FROM THE OFFICE OF WORKERS' COMPENSATION - # 3 PARISH OF
CALCASIEU, NO. 17-02040 DIANNE MARIE MAYO, WORKERS'
J. Rabalais, Matthew D. Crumhorn, Rabalais, Unland &
Lorio, COUNSEL FOR DEFENDANT/APPELLANT: Chicago Bridge &
Vincent Piazza Scallan Attorney at Law, COUNSEL FOR
PLAINTIFF/APPELLEE: Ralph Weaver.
composed of Elizabeth A. Pickett, D. Kent Savoie, and
Jonathan W. Perry, Judges.
KENT SAVOIE, JUDGE.
Chicago Bridge & Iron (CBI) appeals the judgment of the
trial court, finding that Ralph Weaver did not commit fraud
pursuant to La.R.S. 23:1208 and La.R.S. 23:1208.1; ordering
Chicago Bridge & Iron to pay past and future Supplemental
Earnings Benefits; and ordering Chicago Bridge & Iron to
pay penalties and attorney's fees. For the following
reasons, we affirm.
AND PROCEDURAL HISTORY
Ralph Weaver filed a Disputed Claim for Compensation on April
3, 2017. He claimed that while working as an employee for
CBI, he slipped and fell as he was stepping down from a crane
on a rainy day, injuring his right knee. The accident
occurred on September 13, 2016. Ralph Weaver alleged in the
filing that no wage benefits had been paid and that all
benefits were terminated on March 14, 2017. He requested
penalties and attorney's fees for the arbitrary denial of
his workers' compensation benefits.
filed an Answer alleging that Weaver's injury was due to
a pre-existing condition and not because of the workplace
accident. CBI further alleged that Weaver made
misrepresentations regarding previous injuries, disabilities
and medical conditions. Due to these misrepresentations, CBI
claims Weaver forfeited his entitlement to benefits and
subjected himself to civil and criminal penalties under
Section 1208.1 of the Workers' Compensation Act.
was held in this matter on April 30, 2018. It was CBI's
position that Weaver failed to provide truthful answers on an
LA OWCA Second Injury Board Knowledge Questionnaire, which
Weaver filled out upon being hired by CBI. In answering the
questionnaire, Weaver reported that he suffered a "torn
maniskes" on February 11, 2011, as a result of a prior
workplace accident. CBI claimed that Weaver
"specifically denied ever having undergone any surgical
procedures prior to being hired by [CBI]." CBI later
learned, through discovery, that in 2006 and 2011,
"Weaver had undergone two prior right knee surgeries for
right meniscus tears."
countered that he submitted a "Medical Examination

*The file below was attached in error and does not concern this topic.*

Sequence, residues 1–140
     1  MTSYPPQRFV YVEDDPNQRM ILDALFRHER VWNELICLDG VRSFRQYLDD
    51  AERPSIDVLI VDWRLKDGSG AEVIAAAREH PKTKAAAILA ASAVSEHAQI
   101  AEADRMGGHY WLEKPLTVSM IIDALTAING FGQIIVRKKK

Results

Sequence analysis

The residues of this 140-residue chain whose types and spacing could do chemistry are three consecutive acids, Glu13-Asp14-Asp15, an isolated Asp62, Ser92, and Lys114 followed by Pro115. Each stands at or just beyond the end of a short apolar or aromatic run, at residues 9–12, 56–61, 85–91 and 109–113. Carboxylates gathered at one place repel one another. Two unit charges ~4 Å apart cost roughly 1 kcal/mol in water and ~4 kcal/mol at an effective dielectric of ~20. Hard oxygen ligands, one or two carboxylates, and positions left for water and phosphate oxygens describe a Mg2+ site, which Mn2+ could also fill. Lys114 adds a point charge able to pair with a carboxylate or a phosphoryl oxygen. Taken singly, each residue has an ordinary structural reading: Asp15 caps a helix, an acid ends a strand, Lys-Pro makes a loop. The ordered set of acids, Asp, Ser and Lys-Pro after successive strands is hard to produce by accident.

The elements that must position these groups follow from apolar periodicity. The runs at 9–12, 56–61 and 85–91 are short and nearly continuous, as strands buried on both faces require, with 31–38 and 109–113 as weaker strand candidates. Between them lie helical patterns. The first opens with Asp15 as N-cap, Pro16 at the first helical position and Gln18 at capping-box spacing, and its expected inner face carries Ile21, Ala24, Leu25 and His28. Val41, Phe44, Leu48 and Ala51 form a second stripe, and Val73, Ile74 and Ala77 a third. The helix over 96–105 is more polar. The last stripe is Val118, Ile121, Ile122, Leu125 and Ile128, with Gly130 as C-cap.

Report Form" on the same day as the questionnaire. On
this form, he reported having surgery on his leg, finger, and
elbow. Weaver further argued that as part of his job with
CBI, he "was required to walk hundreds of yards, and
even up to a mile over unsteady terrain to reach his crain
[sic]." He would then climb a ladder between eight and
eleven feet high to enter the crane. Weaver contended that
the evidence showed that he was able to accomplish these
tasks without assistance or accommodations from CBI. In
addition, he was medically cleared by CBI's own doctors
to work as a crane operator without restrictions.
his injury on September 13, 2016, Weaver returned to work
with CBI with restrictions. In February 2017, Weaver suffered
an infection in his knee following a round of injections
which resulted in three missed days from work. When he
returned to work on February 7, 2017, Weaver was told that
CBI would no longer provide him with accommodations. Weaver
submits that, at this point, he became entitled to
supplemental earnings benefits. However, CBI alleged that
Weaver was terminated for cause due to violation of company
policies. It is Weaver's position that this was an effort
by CBI to avoid paying his benefits.
workers' compensation judge (WCJ) found that Weaver
proved his injury of February 13, 2016, and he was entitled
to supplemental earnings benefits from February 7, 2017,
until present. The WCJ further found that CBI was arbitrary
and capricious in the handling of this claim and in the
termination of Weaver's benefits. As a result, CBI was
ordered to pay two thousand dollars ($2,000.00) in penalties
and eight thousand dollars ($8,000) in attorney's fees.
CBI filed a Motion for New Trial, which was heard on June 11,
2018. The motion was denied, and CBI filed this appeal.
1. The Workers' Compensation Judge erred in finding
Weaver was entitled to indemnity benefits from February ,
2017, to present.
2. The Workers' Compensation Judge erred in finding
Weaver did not violate La.R.S. 23:1208 Fraud Statute based on
the multiple misrepresentations made throughout discovery
about his pre-existing condition and treatment, as well as
his disability status.
3. The Workers' Compensation Judge committed manifest
error in finding Weaver did not violate La. R.S. 23:1208.1,
Fraud Statute, based on the facts and evidence presented at
4. The Workers' Compensation Judge erred in awarding
penalties and attorney's fees for the arbitrary and
capricious controversion of disputed claims for workers'
Standard of Review
court in Numa C. Hero & Son v. Leleux, 15-305,
p. 3 (La.App. 3 Cir. 10/28/15), 178 So.3d 595, 598,
Factual findings of the WCJ are subject to manifest error
review. Buxton v. Iowa Police Dep't,
09–520 (La.10/20/09), 23 So.3d 275. Whether the burden
of proof has been satisfied and whether testimony is credible
are questions of fact to be determined by the WCJ.
Id. Under the manifest error rule, the reviewing
court does not decide whether the factfinder was right or
wrong, but only whether its findings are reasonable.